I buy quite a bit from train show flea markets, but only if it's cheap. I know my prices pretty well & that always helps. When you've been doing layouts for over 40 years, you learn just a little about a lot.
I've made mountains out of just about every kind of scenery product there is.
My new scenery item is celotex ceiling tiles & I go to the building supply stores & get their broken pieces & damaged pieces for free & 1 place I have to pay 25 cents for a 2ft X 4ft sheet.
So, everyone has their gimmicks, shortcuts, cheap stuff, & new ideas that we all learn about on this forum.

Larry
 

PNKFLOYD

Mikey
Saving money just lets you get more bang for your bucks.:cool:
My RR club layout used sifted real dirt for ground cover. We make our own rock molds, and break or turn the castings upside down to get different looks.
I have 5 gallons of drywall joint compound, left over from a remodeling project, that will cover the landscape on my layout. Three colors of latex paint will be mixed together to seal the compound before I use home-colored sawdust for ground cover.
Foam and styrene plastic meat and vegetable trays are sources for scratch building materials.
A protective pink plastic printer head will be painted gray, add a false front and I have a HO quansset hut type building.
A little imagination can save you lots of money!
 

Lady_Railfan

House Mother, Cheerleader
Scrounge!
As the rest of you have said, "found" items can save a bundle. I've found some pretty unlikely items in the junk boxes in the garage and at yard sales, that adapt well to G Scale:

Doll house = hotel
Planter box = gazebo
Rooted cuttings = trees
Flooring tiles = building pads / foundations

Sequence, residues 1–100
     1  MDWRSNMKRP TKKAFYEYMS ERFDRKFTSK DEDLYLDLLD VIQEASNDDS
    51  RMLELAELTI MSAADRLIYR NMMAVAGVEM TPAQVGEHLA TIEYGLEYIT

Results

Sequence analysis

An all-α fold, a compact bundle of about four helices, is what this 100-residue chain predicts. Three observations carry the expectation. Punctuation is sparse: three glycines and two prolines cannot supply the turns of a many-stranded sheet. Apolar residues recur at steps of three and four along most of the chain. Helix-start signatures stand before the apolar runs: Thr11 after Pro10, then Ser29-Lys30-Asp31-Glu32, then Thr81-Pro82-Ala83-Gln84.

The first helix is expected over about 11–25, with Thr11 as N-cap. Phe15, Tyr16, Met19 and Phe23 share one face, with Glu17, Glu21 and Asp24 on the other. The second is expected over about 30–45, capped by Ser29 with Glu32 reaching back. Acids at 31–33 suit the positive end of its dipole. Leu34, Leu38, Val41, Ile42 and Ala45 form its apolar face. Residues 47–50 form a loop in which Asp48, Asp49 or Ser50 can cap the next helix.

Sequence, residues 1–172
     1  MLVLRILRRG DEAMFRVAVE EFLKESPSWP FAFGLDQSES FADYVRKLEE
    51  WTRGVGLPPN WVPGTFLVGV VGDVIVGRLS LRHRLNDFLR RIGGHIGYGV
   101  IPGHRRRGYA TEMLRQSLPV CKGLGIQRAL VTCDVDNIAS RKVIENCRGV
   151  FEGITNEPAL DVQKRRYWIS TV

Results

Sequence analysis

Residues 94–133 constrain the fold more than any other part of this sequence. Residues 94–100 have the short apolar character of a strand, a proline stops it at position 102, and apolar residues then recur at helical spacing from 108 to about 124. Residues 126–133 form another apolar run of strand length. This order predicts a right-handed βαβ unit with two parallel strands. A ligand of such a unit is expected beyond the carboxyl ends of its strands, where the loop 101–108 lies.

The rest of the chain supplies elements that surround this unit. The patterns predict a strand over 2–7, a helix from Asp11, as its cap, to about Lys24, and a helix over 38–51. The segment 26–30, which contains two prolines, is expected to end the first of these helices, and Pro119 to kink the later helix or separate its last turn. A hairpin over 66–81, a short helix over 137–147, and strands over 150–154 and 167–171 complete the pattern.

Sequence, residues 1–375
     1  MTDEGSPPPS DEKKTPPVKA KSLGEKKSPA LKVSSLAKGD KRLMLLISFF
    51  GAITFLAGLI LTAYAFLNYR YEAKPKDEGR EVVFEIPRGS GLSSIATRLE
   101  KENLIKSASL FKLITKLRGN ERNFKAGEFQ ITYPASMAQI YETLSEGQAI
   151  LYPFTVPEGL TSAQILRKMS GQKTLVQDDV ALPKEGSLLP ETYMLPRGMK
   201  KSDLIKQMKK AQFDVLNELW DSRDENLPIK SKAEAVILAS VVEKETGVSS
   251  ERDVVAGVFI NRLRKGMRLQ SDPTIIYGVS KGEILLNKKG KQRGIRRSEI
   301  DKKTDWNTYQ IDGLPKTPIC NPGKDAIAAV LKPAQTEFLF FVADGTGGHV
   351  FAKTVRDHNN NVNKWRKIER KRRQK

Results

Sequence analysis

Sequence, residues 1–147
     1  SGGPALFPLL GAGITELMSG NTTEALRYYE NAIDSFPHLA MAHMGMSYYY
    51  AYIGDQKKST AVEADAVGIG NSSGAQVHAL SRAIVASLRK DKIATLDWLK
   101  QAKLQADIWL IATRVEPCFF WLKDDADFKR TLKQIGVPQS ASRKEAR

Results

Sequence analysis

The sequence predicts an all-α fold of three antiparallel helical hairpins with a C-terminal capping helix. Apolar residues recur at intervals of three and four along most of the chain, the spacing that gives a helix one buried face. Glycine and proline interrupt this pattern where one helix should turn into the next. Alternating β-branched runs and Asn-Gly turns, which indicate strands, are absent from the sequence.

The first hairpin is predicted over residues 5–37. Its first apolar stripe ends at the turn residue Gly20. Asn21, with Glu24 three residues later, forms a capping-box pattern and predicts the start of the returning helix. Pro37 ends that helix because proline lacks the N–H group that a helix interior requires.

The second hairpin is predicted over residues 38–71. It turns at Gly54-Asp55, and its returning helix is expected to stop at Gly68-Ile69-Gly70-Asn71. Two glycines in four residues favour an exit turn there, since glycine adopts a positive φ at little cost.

Toothpicks = fencing
Broken garden trellis = redwood building materials
Sandpaper = roofing
 

Larry

Long Winded Old Fart
Don't forget all those fake Christmas tree's that everyone throws away every year & also those fake wreaths. Cut off short pieces w/a pair of wire cutters for all diff. sizes of tree's for your layout, no matter what the scale.
I bought 2 after Christmas sales, 32" Fibre Optic tree's for 5 bucks a piece at a family dollar store. These are the real nice one's w/the colored wheel bases.
If you want to experiment w/fibre optics this is the way to go.
I scrounge thru after Christmas store dumpsters for all kinds of found items.
Everyone that has seen all my buildings knows that.
Hit the sign shops in your area for scrap sign material (free) for scratch built buildings. Carpet stores for scrap carpet for free that makes a lot of bushes, tree making material, etc.
Wood shops for free sawdust( take a big box). I color all of my saw dust for diff. areas. I also use sand, colored dirt(morrow) & small tree limbs for tree armatures. There's no end to the things that U can find to use. The more you look the more you find. Look thru the toy section for odd toys to use for buildings.